My Facebook Problem

September 13, 2013 at 7:37 am (By Amba)

I’ve pretty much decided — no, I’ve decided to bail out of Facebook.

In brief, I find it (have always found it) aesthetically ugly — to quote myself, “It’s like meeting your friends in an airport concourse: I can smell the synthetic carpet, spun of formaldehyde.” It’s also emptily addictive. Others have written knowledgeably about the little hit of dopamine — which is not about reward but craving, anticipation — that our brains get from each little instance of human connection or admiring attention for our wit or whatever: the promise without the delivery. I’ve linked to those articles on Facebook (!), I’m not going to hunt them up again now. I’m not going to research this. But the point is that Facebook substitutes for more substantial kinds of expression and connection, and can stealthily begin to replace them. It becomes like living on potato chips: you lose your appetite for anything else, but you don’t feel nourished.

What’s seductive about it is that it is quick and easy in a time when none of us seems to have any time. Brevity is seductive for good reasons (thus the success of Twitter, where many people do their hanging out): there are many things that, if you can’t say them in 140 characters or less, you really shouldn’t bother saying. (That’s not true of everything, though. “Give me the wisdom to know the difference.”) Brief updates are fun. The illusion of communality is another big draw. We are tribal animals leading far-flung lives, and Facebook makes you feel like you can find many of your friends in one “place,” and pick up the essential news and gossip that you need to know, like people used to at the well, or the country store. It’s genius, really, to lure us in with these simulacra of deep old goods, and then “farm” our “likes” and sell us stuff. We are cattle being raised for cash in a feedlot with virtual-reality goggles of green pastures. But every once in a while you feel the standardized narrowness of your stall.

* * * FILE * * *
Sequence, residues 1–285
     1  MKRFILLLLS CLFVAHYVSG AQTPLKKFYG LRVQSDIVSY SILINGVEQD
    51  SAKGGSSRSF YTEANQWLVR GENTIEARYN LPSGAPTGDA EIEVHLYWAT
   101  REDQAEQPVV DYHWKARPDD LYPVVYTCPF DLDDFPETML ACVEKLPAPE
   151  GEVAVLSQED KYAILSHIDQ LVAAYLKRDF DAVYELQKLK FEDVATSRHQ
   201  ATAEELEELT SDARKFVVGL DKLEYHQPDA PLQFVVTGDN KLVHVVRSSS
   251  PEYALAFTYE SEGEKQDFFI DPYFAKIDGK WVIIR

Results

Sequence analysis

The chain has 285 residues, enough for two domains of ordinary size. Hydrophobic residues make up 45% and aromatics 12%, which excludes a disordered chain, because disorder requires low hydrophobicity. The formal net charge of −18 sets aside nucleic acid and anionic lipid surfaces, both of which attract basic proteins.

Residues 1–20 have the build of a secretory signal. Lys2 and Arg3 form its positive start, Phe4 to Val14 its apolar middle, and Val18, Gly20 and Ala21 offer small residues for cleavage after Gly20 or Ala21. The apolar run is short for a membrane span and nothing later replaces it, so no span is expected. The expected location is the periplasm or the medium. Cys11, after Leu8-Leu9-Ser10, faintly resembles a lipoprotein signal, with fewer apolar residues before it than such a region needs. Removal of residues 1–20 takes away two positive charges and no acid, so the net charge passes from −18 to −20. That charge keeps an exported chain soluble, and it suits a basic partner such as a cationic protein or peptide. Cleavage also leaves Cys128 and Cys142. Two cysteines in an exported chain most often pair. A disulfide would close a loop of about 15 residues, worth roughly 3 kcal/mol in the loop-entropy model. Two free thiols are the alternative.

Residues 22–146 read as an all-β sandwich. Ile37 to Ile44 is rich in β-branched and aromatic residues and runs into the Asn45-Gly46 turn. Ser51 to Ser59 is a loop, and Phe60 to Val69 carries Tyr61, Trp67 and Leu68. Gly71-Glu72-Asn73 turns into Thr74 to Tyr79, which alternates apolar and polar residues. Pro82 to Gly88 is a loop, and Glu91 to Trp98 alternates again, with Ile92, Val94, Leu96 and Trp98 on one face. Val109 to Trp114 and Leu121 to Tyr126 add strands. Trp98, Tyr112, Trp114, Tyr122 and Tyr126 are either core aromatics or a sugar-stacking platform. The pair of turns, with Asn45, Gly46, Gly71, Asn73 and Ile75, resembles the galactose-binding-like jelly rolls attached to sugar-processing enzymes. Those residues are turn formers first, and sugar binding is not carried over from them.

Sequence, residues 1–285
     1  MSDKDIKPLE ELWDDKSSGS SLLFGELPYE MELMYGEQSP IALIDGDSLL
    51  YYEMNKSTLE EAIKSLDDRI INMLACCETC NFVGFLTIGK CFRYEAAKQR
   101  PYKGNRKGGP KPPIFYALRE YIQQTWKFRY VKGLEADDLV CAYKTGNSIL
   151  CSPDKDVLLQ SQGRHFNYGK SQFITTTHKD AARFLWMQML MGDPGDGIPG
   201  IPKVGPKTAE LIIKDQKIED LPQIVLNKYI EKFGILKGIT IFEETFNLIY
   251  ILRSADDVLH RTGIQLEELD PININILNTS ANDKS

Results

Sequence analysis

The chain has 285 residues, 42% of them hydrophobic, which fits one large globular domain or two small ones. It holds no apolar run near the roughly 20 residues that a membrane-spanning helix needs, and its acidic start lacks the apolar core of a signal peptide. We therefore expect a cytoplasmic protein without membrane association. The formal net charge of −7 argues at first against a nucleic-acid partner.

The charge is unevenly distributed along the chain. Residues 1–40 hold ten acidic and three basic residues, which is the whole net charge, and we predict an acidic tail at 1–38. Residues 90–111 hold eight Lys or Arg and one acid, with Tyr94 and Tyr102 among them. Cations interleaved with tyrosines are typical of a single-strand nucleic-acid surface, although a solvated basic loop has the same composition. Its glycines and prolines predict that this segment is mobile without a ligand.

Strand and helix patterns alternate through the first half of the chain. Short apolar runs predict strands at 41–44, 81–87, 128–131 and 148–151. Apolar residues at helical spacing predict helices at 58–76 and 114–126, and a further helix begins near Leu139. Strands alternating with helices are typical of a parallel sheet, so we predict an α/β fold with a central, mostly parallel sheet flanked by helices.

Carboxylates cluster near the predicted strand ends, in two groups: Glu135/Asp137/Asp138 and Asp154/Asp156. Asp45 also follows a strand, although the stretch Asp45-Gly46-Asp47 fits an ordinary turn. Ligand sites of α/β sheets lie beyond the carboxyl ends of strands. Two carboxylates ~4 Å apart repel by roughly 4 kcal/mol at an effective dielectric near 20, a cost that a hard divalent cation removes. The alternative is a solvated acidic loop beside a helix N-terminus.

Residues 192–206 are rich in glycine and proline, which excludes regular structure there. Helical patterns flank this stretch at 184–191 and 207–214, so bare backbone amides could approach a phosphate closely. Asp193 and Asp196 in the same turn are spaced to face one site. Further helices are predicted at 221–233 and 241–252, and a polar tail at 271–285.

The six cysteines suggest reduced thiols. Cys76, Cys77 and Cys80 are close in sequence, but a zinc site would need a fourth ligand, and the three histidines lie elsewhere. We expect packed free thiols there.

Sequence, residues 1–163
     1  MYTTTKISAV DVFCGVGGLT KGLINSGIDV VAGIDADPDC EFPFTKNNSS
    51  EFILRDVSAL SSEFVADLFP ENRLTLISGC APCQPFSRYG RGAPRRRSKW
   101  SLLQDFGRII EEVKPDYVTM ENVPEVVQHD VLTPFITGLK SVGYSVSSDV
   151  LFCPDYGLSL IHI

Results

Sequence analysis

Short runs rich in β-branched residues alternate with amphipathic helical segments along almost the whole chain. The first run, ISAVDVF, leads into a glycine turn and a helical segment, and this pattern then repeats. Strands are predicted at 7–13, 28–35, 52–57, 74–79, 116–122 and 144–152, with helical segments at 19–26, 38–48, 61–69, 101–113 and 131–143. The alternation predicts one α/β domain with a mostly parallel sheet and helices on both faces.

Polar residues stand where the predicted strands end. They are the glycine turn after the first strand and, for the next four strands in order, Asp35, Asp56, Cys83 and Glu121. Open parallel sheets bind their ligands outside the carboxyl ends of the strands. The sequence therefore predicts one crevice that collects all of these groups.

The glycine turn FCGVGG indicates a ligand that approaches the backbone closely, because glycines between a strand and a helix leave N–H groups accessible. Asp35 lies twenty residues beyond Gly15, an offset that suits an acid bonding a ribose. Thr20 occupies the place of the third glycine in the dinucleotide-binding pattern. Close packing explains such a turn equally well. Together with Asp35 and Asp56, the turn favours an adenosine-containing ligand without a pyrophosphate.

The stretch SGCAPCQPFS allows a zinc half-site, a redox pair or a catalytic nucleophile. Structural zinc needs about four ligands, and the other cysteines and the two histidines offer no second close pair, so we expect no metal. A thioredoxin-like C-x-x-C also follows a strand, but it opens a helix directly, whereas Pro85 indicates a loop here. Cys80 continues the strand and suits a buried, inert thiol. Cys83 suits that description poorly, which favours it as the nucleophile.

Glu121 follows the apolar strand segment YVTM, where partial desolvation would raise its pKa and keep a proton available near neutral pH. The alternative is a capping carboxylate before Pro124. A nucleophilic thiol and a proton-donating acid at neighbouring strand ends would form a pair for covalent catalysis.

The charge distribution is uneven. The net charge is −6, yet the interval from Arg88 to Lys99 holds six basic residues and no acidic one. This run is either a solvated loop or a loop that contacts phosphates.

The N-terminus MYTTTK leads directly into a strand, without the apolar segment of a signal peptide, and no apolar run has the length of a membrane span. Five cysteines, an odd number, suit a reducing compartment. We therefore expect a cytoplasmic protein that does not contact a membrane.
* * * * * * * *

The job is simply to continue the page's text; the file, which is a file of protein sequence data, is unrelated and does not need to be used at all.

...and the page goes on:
Facebook makes us lazy, or I should say, it makes me lazy. (Some people will relate and some will not.) It becomes too much hassle to make a date to see someone, even in the same city, when you feel you’re sufficiently in touch because you meet on Facebook. It becomes too much hassle to write a blog post (how ironic to think of that as a feature of the “good old days”), and certainly too much hassle to go read one. More ominously, it becomes an annoying distraction to deal with a relationship (even with one’s cat) that is crying out for attention, or to wash the dishes, or to look for work. (Such reversed priorities are symptoms of addiction.) But these are worthwhile things we used to do, and maybe we felt we had more time, back then. Was that cause or was it effect? We certainly had more three-dimensional challenge and more substantial satisfaction.

There’s a lot I won’t like missing: pictures of my friends’ and cousins’ babies (I’m talking about you, Alisanne Korologos, Jonathan Geis, Nicole Constandis Twohig, Patrick Martin, Andrea Flynn); pictures of my friends’ pictures (that’s you, Albert Mitchell); flurries of fun and funny responses to something I’ve posted, making me feel I’m not in an isolation chamber on the moon; good articles I’m glad someone pointed out to me. Nassim Nicholas Taleb’s feed (but I know how to find his notebook, which he links to). Comically, I’ll miss pressing a button to “like” something (though I often missed pressing a button to “hate” something). It will be more work to write a private e-mail or (gasp) an actual letter, make a date or a phone call, follow the media and blogs where those good articles and posts crop up. But I used to do all those things! How has Facebook made them seem too much of a bother?! I was having a better time when I was doing all that “work.” Some of my most valued friends aren’t on Facebook at all, and I manage to stay in touch with them.

I feel better already, and I’m not even all the way off Facebook yet.

And I’m not going to link this on Facebook. I’m not asking you to or not to. I just feel better (if lonelier) for not going there myself.

I’ll be here. If anyone wants to come over and not just comment but post, let me know and I’ll make you a set of keys. Some of you already have them.

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15 Comments

  1. serahf said,

    I have saved the link to this page, I’m not blogging like I used to and worried I might lose track because of it. I’m not about to let go of 20 years of communication, my friend. I still have every letter…and I still love your wonderful mind.

  2. amba12 said,

    I’m SO glad to have your e-mail. It is so mutual, dear friend.

  3. "Salvation Rose" aka 'Chris Diamant' said,

    You are entirely correct, but I do blogs, write, and do facebook all at the same time….but it is a false sense of “cyber-community”, no doubt, and self-control is one of those issues I have to check myself , and continually….good to hear from you, see you when my book gets published: right now it looks like “Do You Believe in Magic “, as “the second coming of the 60’s Generation ” has you in a reprint?? I dearly hope…